When to Refinance Your Car

When to Refinance Your Car

If you're considering refinancing your auto loan, it's important to understand if a refinance is right for you.

What Is an Auto Loan Refinance?

When you refinance your auto loan, you’re replacing one loan with another to get terms that you find more favorable. For example, the new loan may have different terms or features than the original, such as a lower interest rate or monthly payment amount. Or, you may be refinancing to remove a cosigner or to bring your loan to a financial institution where you do other banking.

When Refinancing Might Make Sense

Though it depends on your unique financial situation and needs, there are times when it can be beneficial to refinance an auto loan. Let's take a further look.

It Reduces Your Interest Rate

You might choose to refinance your auto loan if you can reduce your interest rate. For instance, let’s say you had found the perfect car and you just had to buy it.  Maybe you didn’t take time to research auto loan rates and simply took financing through the dealership that had the car. Though this can be convenient and provide other advantages, it can also limit one’s ability to compare loan rates and terms. The rates offered by auto dealerships are generally very competitive, but they may not always be the lowest.

Obtaining financing without comparing options isn't the only time one might consider refinancing to get a lower rate. Suppose you have seen a significant improvement in your credit score or income situation. This could provide you with the opportunity to shop around to see if your improved financial stituation could save you money.

When you can take your time to compare loans from a few financial institutions, you may find a lower rate. The interest rate is the cost of the loan, so a lower rate can lead to substantial savings over the life of the loan.

It Lowers Your Payments

Another reason you might choose to refinance is to lower your monthly payments by getting a longer loan term. For example, maybe you’re struggling with your payment or other monthly bills. If that's the case, refinancing could potentially lower your payment to help make ends meet.

It's important to note that extending the loan term can also increase the total amount of interest one pays over the life of the loan. While this approach can cost you more over time, it can be a smart move if it will prevent missed payments on a car loan or other debts.

You Want to Tap Into Your Equity

Another reason you might consider an auto loan refinance is to get cash. If you've owned your car for a while, it may have built up equity. Equity is the difference between what you owe on your loan and the actual value of your vehicle. Positive equity means your car is worth more than you owe. Negative equity—often referred to as being "upside-down"— means you owe more on your vehicle than it’s worth.

You may be able to tap into your equity through a process called a cash-out auto refinance. This approach allows one to take out a new loan for more than they owe on their current car loan. They can then use the money for any purpose they choose, like home improvements, a vacation, or consolidating high-interest debt.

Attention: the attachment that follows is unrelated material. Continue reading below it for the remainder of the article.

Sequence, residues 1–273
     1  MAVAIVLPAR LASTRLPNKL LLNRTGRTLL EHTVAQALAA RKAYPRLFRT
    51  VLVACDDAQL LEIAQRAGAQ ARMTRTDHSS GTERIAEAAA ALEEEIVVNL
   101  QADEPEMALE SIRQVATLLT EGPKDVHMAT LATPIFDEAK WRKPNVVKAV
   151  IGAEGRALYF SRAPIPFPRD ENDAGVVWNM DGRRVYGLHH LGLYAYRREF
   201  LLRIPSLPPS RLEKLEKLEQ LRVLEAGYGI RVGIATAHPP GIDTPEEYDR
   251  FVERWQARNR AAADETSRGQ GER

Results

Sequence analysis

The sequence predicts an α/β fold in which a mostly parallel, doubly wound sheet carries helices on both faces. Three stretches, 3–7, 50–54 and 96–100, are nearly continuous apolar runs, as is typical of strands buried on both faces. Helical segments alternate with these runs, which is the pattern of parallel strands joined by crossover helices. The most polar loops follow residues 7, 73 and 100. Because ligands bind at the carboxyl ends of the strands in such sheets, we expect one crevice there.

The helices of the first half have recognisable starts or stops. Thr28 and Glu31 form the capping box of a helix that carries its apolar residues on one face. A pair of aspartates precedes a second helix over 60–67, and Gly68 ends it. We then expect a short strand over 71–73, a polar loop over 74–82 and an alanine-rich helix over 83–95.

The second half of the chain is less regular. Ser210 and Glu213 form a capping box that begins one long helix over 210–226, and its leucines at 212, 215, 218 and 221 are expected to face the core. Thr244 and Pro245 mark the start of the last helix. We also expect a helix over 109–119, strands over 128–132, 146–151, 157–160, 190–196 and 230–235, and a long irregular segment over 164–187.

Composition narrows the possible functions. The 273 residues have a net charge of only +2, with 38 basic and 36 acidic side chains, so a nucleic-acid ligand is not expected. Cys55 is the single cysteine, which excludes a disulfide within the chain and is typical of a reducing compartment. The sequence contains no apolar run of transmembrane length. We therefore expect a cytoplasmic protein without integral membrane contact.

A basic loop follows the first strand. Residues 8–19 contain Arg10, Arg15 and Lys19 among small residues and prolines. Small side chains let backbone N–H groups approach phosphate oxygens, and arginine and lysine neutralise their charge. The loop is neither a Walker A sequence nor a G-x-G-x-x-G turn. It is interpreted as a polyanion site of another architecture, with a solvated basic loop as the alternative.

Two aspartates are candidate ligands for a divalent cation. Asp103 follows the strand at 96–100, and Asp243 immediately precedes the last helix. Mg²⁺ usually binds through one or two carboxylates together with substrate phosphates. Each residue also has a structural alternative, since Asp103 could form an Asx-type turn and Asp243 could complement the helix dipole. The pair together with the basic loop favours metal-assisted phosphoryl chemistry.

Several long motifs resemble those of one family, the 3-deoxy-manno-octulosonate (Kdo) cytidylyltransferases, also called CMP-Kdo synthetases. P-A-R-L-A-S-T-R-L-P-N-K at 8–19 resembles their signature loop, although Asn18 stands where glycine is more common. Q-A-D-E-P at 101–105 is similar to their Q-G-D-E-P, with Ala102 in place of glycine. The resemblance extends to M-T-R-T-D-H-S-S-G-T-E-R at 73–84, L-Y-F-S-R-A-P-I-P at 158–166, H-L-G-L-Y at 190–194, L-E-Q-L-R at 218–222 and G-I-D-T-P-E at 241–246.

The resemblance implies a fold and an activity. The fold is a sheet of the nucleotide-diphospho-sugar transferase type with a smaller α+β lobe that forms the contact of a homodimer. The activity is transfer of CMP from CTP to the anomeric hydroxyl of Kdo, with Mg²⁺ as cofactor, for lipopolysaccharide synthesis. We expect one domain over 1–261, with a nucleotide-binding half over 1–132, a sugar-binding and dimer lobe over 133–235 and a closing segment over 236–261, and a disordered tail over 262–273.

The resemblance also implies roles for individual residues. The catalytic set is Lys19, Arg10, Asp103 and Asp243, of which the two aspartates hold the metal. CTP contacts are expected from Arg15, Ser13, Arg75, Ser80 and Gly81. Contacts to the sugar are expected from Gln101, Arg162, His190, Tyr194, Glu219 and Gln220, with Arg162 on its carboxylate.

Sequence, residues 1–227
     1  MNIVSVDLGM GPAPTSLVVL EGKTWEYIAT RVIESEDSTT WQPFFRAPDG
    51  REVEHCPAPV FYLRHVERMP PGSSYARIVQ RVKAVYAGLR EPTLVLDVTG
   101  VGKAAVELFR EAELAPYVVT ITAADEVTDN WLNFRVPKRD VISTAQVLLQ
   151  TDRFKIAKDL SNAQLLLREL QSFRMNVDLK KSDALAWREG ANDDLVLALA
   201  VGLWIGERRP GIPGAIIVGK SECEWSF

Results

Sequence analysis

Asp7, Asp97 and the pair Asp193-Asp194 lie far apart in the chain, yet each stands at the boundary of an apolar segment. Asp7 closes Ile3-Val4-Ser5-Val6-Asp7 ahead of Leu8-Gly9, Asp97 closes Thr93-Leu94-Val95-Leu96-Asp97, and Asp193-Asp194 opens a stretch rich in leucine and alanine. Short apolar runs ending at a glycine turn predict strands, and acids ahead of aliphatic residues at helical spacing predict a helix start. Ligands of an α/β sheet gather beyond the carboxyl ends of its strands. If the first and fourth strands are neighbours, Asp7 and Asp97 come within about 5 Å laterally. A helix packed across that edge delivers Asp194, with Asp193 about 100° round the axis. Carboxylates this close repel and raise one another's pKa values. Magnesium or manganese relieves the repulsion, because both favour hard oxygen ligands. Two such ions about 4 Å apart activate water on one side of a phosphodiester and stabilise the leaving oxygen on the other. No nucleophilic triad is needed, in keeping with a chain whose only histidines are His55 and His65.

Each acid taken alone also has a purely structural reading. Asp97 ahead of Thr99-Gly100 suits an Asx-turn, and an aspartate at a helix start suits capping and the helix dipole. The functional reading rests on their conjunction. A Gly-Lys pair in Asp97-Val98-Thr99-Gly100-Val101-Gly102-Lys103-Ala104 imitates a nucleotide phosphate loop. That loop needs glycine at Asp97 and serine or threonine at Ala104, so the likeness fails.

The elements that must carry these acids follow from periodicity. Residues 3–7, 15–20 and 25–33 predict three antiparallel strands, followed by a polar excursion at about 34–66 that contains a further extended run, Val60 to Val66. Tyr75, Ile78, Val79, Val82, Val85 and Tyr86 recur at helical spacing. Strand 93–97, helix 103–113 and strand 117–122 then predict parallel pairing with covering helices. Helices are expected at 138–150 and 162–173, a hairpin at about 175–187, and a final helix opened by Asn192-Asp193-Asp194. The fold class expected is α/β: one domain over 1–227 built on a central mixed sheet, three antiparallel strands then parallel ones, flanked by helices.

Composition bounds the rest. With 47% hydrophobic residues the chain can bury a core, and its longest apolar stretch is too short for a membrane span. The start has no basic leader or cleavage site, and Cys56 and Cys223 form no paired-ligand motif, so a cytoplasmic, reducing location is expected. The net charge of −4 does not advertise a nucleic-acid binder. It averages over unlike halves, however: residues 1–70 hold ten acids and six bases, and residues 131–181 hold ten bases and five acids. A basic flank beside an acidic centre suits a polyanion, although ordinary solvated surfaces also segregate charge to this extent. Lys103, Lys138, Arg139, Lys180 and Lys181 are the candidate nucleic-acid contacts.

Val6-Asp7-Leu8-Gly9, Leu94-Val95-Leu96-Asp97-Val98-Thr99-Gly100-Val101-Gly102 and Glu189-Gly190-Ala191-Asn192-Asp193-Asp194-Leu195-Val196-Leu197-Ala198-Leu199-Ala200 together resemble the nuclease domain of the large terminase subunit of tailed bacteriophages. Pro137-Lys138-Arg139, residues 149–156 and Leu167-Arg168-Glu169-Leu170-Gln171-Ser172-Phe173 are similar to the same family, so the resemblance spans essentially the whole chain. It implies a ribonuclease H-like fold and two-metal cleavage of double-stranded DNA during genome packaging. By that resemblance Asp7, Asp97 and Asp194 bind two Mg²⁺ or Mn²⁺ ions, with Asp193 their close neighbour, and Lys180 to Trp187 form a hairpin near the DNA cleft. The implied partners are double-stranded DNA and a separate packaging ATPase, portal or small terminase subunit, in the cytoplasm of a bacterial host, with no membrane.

When Refinancing Might Not Make Sense

Now that we've covered the potential benefits of refinancing an auto loan, let's look at the other side of the equation: when refinancing might not make sense. Here are a few instances when you might think twice about refinancing.

You’re Close to Paying Off the Loan

If you only have a few months or years left on your car loan, refinancing may not make sense. For instance, there may be fees involved in a refinance. This means that extending the length of the loan could result in additional expenses. In this case, it may be worth staying with the current loan and focusing on paying it off as quickly as possible.

Your Credit Score Has Gone Down

If your credit score has decreased since taking out your current loan, you may not qualify for a lower interest rate. In this situation, you may be better off skipping the application process, as applying for the loan could further reduce your credit score. Instead, it may be beneficial to work on improving your credit score, in part by continuing to make payments on their current loan.  A Member Solutions Specialist from Heartland can help you improve your credit score with a few simple strategies.

You Plan to Sell the Car Soon

If you are planning to sell your car in the near future, it may not make sense to refinance. Similar to if you're close to paying off the loan, you may have to pay fees to refinance. As a result, you may not benefit from a lower interest rate because they won't have the loan long enough to make up for any additional costs.

In Summary

When considering an auto loan refinance, it's important to weigh all of your options and look at the potential benefits and drawbacks of each. An HCU staff member would be happy to work through different scenarios to see if refinancing makes sense for your particular needs.  If you’d like to visit with a Member Solutions Specialist, give us a call at 800.428.8472.

Darren Werth
Darren WerthAVP of Marketing

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